Forgiveness requires us to own up to our sins and confront our brothers and sisters in Christ when they do wrong. Today, I revisit a post about the former, published by The Perennial Gen last Friday as Learning to Speak Forgiveness, and a version of which first appeared here on my blog.
What does forgiveness have to do with this puppy in the window? Read on.
Cato puppy and I picked our way down the icy, snow-packed mountain road to the mailbox. After storm clouds had cleared, neighbors with tractors and trucks plowed the road, but residue remained in shaded areas and on slopes. Walking the flat straight-away near the foot of the mountain, I listened for bird-song, caught the sun glint off snowy tree limbs, and relaxed my guard.
Then I slipped.
The puppy shied and pulled on his leash, which threw me further off-balance. I yanked his leash to gain some slack, regained my footing, and fumed. Black ice was not what I’d expected, and Cato’s reaction hadn’t help. If I’d fallen because of my inattention, I probably would have resorted to self-pity and blame—not blaming myself but Cato. As I already had.
I’d slipped again.
“Life doesn’t always give us what we expect,” wrote Jonathan Merritt in Learning to Speak God from Scratch. Of course, he wasn’t referring to accidental slips but to human selfishness and sin. Merritt: “People fail us. People hurt us. People lay us on the altars of their own selfishness. When you don’t get the desired result—you experience what researchers call a ‘reward-prediction error’—not only do your dopamine levels fall, they plummet from the heightened level generated by your expectations.”
To make matters worse, we don’t know how to talk about or even acknowledge our sinful human slips in spiritual terms. According to Google’s Ngram statistics, words like love, patience, gentleness, and faithfulness have decreased in usage significantly in the past several years.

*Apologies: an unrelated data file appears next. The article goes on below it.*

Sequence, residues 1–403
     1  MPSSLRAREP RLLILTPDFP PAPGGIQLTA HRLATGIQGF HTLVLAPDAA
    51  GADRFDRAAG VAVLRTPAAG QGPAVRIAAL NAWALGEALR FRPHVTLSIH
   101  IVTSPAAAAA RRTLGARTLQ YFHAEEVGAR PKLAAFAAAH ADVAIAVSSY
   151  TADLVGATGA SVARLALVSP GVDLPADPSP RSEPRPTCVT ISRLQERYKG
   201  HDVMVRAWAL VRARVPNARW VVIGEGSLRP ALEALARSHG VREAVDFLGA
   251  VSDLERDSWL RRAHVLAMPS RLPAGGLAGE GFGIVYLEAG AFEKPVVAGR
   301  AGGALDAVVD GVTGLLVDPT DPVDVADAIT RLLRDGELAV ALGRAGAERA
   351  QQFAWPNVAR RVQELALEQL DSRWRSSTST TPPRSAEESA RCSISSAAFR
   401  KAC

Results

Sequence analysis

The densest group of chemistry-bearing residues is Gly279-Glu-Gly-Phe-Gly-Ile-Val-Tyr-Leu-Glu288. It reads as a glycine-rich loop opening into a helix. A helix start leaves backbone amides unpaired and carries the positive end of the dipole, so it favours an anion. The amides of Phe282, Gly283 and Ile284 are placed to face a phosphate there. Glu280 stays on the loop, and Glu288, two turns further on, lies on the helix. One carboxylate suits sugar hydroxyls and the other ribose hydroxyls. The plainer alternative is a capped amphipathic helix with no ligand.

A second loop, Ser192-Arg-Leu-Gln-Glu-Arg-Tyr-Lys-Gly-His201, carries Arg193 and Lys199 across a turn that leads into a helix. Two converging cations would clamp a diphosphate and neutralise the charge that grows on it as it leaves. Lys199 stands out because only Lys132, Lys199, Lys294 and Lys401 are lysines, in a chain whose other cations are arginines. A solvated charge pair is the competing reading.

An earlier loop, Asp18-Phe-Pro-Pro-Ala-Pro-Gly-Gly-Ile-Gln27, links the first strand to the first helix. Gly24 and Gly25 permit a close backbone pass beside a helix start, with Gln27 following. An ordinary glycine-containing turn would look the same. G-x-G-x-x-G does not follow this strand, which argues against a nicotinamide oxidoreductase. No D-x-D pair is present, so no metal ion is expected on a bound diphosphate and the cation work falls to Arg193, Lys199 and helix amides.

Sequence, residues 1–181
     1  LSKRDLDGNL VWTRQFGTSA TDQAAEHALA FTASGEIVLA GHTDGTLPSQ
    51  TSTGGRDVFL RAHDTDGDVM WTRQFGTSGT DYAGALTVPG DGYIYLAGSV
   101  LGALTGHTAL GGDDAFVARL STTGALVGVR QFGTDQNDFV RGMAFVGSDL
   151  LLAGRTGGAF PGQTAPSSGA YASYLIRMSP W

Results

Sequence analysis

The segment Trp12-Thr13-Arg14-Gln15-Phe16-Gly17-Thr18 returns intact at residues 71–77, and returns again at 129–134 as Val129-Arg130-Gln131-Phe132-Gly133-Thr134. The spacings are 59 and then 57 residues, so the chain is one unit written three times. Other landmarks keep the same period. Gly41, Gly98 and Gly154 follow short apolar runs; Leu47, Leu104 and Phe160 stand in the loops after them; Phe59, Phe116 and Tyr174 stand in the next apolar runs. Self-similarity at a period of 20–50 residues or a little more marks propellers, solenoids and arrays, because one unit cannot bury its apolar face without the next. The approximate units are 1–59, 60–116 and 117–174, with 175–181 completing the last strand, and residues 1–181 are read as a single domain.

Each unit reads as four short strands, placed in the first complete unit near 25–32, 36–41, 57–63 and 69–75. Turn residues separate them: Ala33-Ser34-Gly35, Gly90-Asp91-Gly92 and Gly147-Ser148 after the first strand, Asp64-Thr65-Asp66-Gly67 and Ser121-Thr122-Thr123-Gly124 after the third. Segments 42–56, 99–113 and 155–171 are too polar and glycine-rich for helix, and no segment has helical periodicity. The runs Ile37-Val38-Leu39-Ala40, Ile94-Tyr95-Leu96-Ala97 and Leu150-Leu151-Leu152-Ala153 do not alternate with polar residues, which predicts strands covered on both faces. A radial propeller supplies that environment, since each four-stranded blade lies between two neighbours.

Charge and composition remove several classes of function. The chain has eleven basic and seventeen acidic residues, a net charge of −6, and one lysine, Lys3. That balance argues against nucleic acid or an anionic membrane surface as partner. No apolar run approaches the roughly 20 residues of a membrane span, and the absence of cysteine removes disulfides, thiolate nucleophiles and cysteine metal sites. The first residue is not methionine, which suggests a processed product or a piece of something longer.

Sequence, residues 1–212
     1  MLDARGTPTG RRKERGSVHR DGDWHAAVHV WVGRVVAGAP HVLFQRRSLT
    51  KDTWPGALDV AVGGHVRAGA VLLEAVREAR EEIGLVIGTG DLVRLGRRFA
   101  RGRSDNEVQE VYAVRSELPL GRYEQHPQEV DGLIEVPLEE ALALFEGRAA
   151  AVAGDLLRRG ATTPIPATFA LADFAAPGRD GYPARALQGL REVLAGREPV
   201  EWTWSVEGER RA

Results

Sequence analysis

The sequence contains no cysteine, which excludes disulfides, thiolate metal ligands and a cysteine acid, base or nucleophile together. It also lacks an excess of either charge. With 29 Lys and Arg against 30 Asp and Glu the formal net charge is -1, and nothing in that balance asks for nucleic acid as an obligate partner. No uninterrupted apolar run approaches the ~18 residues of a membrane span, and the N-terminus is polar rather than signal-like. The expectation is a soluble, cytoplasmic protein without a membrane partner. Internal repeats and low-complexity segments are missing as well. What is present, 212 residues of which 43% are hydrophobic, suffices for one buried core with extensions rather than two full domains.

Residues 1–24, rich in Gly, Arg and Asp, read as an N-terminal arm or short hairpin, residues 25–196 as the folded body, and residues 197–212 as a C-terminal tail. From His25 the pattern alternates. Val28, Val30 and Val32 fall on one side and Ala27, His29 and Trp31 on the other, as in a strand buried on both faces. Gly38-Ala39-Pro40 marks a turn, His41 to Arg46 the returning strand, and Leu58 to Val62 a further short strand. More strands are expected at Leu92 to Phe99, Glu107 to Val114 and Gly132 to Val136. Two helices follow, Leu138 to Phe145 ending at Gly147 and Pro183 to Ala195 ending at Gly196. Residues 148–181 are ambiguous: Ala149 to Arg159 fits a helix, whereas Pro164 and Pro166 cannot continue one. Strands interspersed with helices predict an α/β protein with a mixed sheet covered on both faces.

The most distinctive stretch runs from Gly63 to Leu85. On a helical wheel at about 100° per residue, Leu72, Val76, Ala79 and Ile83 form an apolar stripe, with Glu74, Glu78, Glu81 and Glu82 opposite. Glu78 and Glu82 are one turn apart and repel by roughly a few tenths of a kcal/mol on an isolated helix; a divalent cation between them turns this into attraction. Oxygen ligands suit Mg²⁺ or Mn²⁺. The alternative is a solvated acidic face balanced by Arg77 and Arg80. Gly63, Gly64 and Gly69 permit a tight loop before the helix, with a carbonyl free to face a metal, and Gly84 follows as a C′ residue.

“When we lose our spiritual vocabulary, we lose much more than words,” Merritt stated. “We lose the power of speaking grace, forgiveness, love, and justice over others.”
I grew up in a very loving family. But as non-practicing Christians—atheists, truth be told—we didn’t use words like sin, faith, grace or mercy. Of course, there were times when we owned up to our transgressions and said, “I’m sorry.” But I don’t remember asking for, receiving, or granting forgiveness, as in, “Please forgive me” or “I forgive you.” Until I became a believer, I didn’t even know that forgiveness was required of Christians. To forgive as the Lord forgave you. (Colossians 3:13)
Prayer, Scripture, and Bible study in community have increased my ability to forgive—and my awareness of how difficult it is. We all struggle, especially when life does not give us what we want or expect. There are many study resources; I found these three particularly useful: Donna Pyle’s Forgiveness: Received From God, Extended to Others; Leslie Leyland Field’s Forgiving Our Fathers and Mothers: Finding Freedom from Hurt and Hate; and Desmond Tutu’s The Book of Forgiving: The Fourfold Path for Healing Ourselves and Our World. Tutu’s forgiveness cycle is Christian-based, though he stated that forgiving does not require faith. Yet I wondered, what if words of forgiveness aren’t part of our vocabulary?
What if we never learned how to speak forgiveness?
Before resuming our walk, I stroked the puppy to calm his fear, especially his greatest fear: abandonment. “It’s okay, you’re okay, we’re okay. Good boy, Cato, good boy.” Then I prayed, “Forgive me for losing my temper, Lord, and thank you for your protection.”
For the rest of the walk, I attended to where I placed my feet and didn’t slip again. But my thoughts turned to the selfish slips I’d made in my relationships. With my husband, children, siblings, friends.
So many slips, so much need to name the harm and ask forgiveness. Even if I’m on my guard, I slip anyway. What to do? Shine a light on expectations and illusions—what I hope is true rather than what is—then follow the path to forgiveness and say those powerful words.
Over and over and over again. Not seven times, but seventy times seven. For as long as it takes.
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